NATIONAL NEWS - City Press's self-censorship by taking down an image showing genitals on an image of President Jacob Zuma was unfortunate, the DA said on Monday.
"This kind of self-censorship will stop our democracy in its tracks," said Democratic Alliance national spokesman Mmusi Maimane.
Maimane said whatever anyone might think of the painting, no one had the right to tell any newspaper what to publish, or artist what to paint.
"It is unfortunate that President Zuma and the ANC chose to intimidate the City Press into taking down the painting from its website," he said in a statement.
"It is equally unfortunate that the City Press has caved in to this pressure after a valiant attempt to fight for what is right."
Maimane said it should not be forgotten how the apartheid government "bullied its critics in the media".
"Those who stood firm against the bullies carried the torch of media freedom in those dark days. We must keep that flame alive."
Earlier, City Press editor Ferial Haffajee said she had removed the image of "The Spear" from the publication's website.
"For any editor to respond to a threat to take down an article of journalism without putting up a fight is an unprincipled thing to do, so we've fought as much as we could," she said.
"It doesn't serve City Press or South Africa to dig in our heels and put our fingers in our ears."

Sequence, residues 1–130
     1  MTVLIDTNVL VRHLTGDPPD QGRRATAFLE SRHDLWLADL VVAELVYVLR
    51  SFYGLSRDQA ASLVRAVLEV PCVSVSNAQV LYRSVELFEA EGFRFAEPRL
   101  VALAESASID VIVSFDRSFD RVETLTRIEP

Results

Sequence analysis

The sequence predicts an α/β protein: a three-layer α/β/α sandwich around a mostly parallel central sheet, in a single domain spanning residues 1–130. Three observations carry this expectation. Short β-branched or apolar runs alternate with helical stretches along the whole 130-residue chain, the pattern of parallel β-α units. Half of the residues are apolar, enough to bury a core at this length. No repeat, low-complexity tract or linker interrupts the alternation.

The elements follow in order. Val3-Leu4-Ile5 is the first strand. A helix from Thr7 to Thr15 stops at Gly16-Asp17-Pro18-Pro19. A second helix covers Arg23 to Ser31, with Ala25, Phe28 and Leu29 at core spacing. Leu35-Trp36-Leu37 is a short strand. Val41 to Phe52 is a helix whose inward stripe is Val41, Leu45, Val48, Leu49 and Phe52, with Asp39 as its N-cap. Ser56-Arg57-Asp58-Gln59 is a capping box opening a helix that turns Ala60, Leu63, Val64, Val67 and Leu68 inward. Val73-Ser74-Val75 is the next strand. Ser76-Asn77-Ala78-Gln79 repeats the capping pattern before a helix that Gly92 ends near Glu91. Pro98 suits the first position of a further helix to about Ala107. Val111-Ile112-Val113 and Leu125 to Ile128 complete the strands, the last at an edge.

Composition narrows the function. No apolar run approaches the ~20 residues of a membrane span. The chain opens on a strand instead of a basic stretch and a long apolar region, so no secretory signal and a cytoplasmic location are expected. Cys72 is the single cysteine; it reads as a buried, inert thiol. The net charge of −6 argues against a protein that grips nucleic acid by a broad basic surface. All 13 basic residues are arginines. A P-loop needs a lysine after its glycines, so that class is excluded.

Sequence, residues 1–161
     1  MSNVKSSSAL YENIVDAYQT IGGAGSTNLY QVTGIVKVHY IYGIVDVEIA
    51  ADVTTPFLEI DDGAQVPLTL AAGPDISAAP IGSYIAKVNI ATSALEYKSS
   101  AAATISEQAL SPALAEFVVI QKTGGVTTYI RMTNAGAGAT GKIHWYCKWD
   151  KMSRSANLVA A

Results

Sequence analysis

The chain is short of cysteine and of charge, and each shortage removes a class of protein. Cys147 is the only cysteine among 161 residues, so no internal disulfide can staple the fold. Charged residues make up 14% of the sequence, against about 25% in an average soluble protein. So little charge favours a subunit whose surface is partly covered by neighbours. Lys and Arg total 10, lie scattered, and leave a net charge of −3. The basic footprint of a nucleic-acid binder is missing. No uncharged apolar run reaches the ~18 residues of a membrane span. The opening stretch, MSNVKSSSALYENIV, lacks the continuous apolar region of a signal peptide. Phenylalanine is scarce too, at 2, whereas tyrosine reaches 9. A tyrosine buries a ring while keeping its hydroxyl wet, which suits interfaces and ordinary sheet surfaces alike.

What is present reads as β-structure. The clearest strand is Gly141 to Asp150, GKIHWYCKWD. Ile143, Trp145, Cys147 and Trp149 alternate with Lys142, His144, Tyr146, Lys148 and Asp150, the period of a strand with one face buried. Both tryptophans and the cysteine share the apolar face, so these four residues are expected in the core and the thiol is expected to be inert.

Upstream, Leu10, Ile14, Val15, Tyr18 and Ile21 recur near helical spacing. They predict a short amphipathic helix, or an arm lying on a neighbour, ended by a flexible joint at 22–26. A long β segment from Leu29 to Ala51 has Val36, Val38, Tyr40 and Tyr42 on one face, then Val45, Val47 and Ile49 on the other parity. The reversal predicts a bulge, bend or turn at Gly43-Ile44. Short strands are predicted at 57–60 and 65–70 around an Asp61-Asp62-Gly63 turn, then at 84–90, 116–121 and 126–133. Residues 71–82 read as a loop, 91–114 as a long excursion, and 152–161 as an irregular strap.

This came after more than a week of debate, arrests, and an urgent application by the ANC, Zuma and his children to have the image banned on the grounds that it violated his and the party's dignity.
The painting by Brett Murray was defaced last week and the genitals are no longer visible.
The ANC welcomed the removal of the image, but said it still wanted an apology from City Press.
It would carry on with the court case for clarity on the tensions between the rights to dignity, and the right to freedom of expression.
"We appreciate what has been done," said ANC spokesman Jackson Mthembu.
"We appreciate that at least Ferial is saying she can now understand the pain. All that we are saying to her, is can she apologise for the pain," he said.
"Please apologise to the people of South Africa. This pain has been so deep seated."
The apology should be made to the people of South Africa and the ANC.
"The court must assist us [in showing] how far can those people go who are in the artistic environment [to] violate those rights of those human beings," he said.
Technology news site Memeburn reported that a twitter post under the name of mining magnate Patrice Motsepe, was fake.
Haffajee tweeted: "Patrice, the real, called to say @PatriceMotsepe is a fake. His lawyers are onto it. My apologies - it was being RT'd as if the real guy."
Explaining her decision to remove the image, she said she was particularly hurt by the tweet by Motsepe, whom she knew since university.
That tweet read: "Don't expect a painted woman to remove a photo of a man with exposed penis, it helps her get through lonely nights. #thespear".
Memeburn reported this was a fan account and the name had been changed to Tlhopane.
Source : Sapa